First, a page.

Brewers outslug Pirates, 12-8
MILWAUKEE — The Pirates entered the last day of April somewhere they have rarely been in the last 20 years — in first place — and with 15 wins, an opening-month benchmark they haven't reached since 1992.
But without improved starting pitching, it brings into question whether such a compelling start can be sustained, and whether there will be more losses like Tuesday's 12-8 defeat to the Milwaukee Brewers at Miller Park, where the Pirates' middle relievers faltered.
As a consequence of a Pirates starter again failing to pitch deep into a game — James McDonald allowed seven runs and 13 baserunners in five innings — the Pirates again dipped into their middle relief pitching, and this time it caught up to them, allowing five runs in the final four innings.
The Pirates entered the night leading the National League in relief innings and ranked last in innings pitched by starting pitchers.
“We have red-lined our bullpen,” Pirates manager Clint Hurdle said. “We've got to improve the length from the starters. “I didn't want to use (Tony) Watson, (Mark) Melancon or (Jason) Grilli unless we had a lead the last two nights, just to keep their numbers smart going into an off day.”
Hurdle eventually went to Watson in the eighth, when he gave up a three-run homer to Rickie Weeks to give the Brewers a 12-8 lead, but first Hurdle went to Vin Mazzaro in the sixth. Brewers shortstop Jean Segura hit the first pitch he saw from Mazzaro over the wall in right to tie the score at 8.
Two batters later, Jonathan Lucroy lined a single off Mazzaro's lower leg that knocked him from the game.
Mazzaro was replaced by Bryan Morris, who was called up Tuesday to take Jonathan Sanchez's place on the roster.
Yuniesky Betancourt welcomed Morris by lining a 0-1 pitch over the right-field wall to begin the seventh to give the Brewers a 9-8 lead.
“There was a bushel full of three-ball counts,” Hurdle said of McDonald's start “His curveball wasn't in play. … On back to back nights on the mound, we haven't had intent and conviction with our pitches”
While McDonald's four-seam fastball sat between 92-93 mph in the first inning, it was 90-91 the rest of the outing, again below his career average of 92 mph.
McDonald said he feels “fine” physically, despite his decline in velocity.
“They were spitting some pretty good pitches,” McDonald said. “They put together some pretty good at bats.”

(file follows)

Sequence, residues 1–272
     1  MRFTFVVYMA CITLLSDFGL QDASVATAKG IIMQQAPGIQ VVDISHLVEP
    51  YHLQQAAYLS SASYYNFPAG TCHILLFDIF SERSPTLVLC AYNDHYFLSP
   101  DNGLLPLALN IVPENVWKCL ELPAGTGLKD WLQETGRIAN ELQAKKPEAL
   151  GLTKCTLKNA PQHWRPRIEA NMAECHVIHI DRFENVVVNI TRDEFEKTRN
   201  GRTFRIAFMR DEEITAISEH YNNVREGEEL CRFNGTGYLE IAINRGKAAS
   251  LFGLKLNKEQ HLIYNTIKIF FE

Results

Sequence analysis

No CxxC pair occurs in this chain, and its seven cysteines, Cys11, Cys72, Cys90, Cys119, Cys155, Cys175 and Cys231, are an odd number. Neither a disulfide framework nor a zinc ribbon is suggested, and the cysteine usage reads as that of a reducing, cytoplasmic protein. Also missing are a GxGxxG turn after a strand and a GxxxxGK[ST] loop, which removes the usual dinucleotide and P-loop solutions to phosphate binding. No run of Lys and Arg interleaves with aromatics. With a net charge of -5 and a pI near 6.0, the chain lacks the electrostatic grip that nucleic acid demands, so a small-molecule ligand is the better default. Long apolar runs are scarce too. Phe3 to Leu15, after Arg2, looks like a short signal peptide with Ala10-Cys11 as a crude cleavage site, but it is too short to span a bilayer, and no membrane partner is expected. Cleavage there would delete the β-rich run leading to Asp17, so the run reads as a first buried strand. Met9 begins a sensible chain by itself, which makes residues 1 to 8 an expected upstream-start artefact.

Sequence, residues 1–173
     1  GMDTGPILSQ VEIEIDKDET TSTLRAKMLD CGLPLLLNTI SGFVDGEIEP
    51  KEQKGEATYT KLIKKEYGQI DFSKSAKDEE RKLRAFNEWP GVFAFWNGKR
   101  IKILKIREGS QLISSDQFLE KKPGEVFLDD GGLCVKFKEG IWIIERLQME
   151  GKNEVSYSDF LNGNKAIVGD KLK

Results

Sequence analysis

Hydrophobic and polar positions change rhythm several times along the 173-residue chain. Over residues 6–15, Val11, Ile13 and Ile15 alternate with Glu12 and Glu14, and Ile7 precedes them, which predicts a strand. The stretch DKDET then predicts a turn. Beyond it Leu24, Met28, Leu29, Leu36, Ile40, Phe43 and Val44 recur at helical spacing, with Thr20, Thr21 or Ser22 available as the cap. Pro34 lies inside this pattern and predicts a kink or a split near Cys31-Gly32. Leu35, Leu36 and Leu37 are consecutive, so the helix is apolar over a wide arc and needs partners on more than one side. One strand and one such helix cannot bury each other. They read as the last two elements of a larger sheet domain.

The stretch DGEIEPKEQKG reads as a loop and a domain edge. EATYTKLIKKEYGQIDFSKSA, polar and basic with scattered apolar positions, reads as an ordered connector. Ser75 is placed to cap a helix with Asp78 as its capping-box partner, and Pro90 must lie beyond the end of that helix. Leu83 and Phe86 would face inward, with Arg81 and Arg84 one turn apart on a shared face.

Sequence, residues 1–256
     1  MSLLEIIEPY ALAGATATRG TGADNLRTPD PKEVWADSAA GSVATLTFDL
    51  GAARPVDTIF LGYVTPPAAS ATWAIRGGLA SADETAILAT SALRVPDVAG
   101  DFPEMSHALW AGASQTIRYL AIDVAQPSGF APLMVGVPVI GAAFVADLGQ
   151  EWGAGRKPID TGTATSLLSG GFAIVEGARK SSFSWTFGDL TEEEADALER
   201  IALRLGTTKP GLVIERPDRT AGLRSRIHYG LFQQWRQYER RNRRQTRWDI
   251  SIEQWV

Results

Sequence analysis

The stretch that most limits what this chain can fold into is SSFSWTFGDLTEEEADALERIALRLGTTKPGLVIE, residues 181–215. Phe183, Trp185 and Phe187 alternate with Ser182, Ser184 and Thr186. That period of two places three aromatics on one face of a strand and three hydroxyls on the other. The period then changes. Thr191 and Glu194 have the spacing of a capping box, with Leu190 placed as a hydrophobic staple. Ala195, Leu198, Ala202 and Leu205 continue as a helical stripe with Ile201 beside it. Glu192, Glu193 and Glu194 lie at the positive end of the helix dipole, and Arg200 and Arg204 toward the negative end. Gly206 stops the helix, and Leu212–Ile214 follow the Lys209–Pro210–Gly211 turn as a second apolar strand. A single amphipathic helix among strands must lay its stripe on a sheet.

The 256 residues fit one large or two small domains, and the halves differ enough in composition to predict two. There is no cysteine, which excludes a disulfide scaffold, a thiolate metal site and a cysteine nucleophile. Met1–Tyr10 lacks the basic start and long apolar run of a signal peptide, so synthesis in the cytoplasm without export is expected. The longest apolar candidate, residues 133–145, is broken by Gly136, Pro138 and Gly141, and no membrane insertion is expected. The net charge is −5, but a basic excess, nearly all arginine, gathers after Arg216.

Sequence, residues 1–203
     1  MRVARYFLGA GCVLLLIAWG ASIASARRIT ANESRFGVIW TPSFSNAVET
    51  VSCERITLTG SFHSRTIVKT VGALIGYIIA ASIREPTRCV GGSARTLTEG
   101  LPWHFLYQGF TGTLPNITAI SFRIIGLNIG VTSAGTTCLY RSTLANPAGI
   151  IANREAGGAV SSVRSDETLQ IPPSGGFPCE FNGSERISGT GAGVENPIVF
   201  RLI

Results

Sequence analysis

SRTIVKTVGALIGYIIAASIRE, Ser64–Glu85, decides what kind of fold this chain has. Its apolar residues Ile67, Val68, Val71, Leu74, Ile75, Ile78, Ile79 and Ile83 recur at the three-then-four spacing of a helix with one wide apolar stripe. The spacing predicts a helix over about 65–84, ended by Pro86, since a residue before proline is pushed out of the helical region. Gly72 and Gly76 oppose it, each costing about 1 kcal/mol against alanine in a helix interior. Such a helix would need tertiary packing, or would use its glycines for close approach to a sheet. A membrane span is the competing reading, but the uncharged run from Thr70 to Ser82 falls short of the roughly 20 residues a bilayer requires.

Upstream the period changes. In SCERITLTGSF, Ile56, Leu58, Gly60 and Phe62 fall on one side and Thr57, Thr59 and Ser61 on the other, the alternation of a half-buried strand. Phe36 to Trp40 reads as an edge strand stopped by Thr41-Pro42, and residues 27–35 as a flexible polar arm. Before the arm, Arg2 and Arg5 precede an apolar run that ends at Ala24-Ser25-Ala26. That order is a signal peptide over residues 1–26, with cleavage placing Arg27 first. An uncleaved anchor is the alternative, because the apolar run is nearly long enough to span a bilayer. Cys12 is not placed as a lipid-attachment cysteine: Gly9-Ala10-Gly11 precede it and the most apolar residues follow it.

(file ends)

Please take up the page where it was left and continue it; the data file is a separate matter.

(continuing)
McDonald walked back-to-back batters to begin the second, and Martin Maldonado scored both runners with a two-run double. McDonald allowed an RBI double to Carlos Gomez in the third and a two-run single to Weeks in a three-run fourth.
The Pirates got a break to begin the sixth. Jose Tabata appeared to have grounded into an inning-ending double play, but he was ruled safe at first. Starling Marte followed with a three-run homer to give the Pirates an 8-7 lead.
Before Marte's shot, Russell Martin and Andrew McCutchen hit back-to-back home runs in the fifth inning off Marco Estrada to cut the Brewers' lead to 7-5. McCutchen ripped an Estrada 90 mph fastball deep to right center for his third homer of the season. McCutchen went 4 for 5, raising his average to .247.
“My confidence is always through the roof regardless of the outcome,” McCutchen said. “I don't think about the results, I think about the process.”
Show commenting policy
TribLive commenting policy
You are solely responsible for your comments and by using TribLive.com you agree to our Terms of Service.
We moderate comments. Our goal is to provide substantive commentary for a general readership. By screening submissions, we provide a space where readers can share intelligent and informed commentary that enhances the quality of our news and information.
While most comments will be posted if they are on-topic and not abusive, moderating decisions are subjective. We will make them as carefully and consistently as we can. Because of the volume of reader comments, we cannot review individual moderation decisions with readers.
We value thoughtful comments representing a range of views that make their point quickly and politely. We make an effort to protect discussions from repeated comments either by the same reader or different readers.
We follow the same standards for taste as the daily newspaper. A few things we won't tolerate: personal attacks, obscenity, vulgarity, profanity (including expletives and letters followed by dashes), commercial promotion, impersonations, incoherence, proselytizing and SHOUTING. Don't include URLs to Web sites.
We do not edit comments. They are either approved or deleted. We reserve the right to edit a comment that is quoted or excerpted in an article. In this case, we may fix spelling and punctuation.
We welcome strong opinions and criticism of our work, but we don't want comments to become bogged down with discussions of our policies and we will moderate accordingly.
We appreciate it when readers and people quoted in articles or blog posts point out errors of fact or emphasis and will investigate all assertions. But these suggestions should be sent via e-mail. To avoid distracting other readers, we won't publish comments that suggest a correction. Instead, corrections will be made in a blog post or in an article.
- Pine-Richland’s DiNucci commits to Pitt
- Kittanning’s Bowers changes commitment from Pitt to Penn State
- State court blocks release of Penn State emails between Freeh investigators and Attorney General
- Funeral for Joey Fabus, honorary Bethel Park police officer, draws crowd
- Guns found at Propel Braddock Hills
- Rossi: Crosby’s debt to NHL paid in full
- City authority approves deal to finance Penguins development
- New York City hunkers down as Nor’easter threatens blizzard conditions
- Senate GOP, fired open records director file lawsuit against Wolf
- Pittsburgh police say officers in video did not use excessive force
- Penguins recall 4 players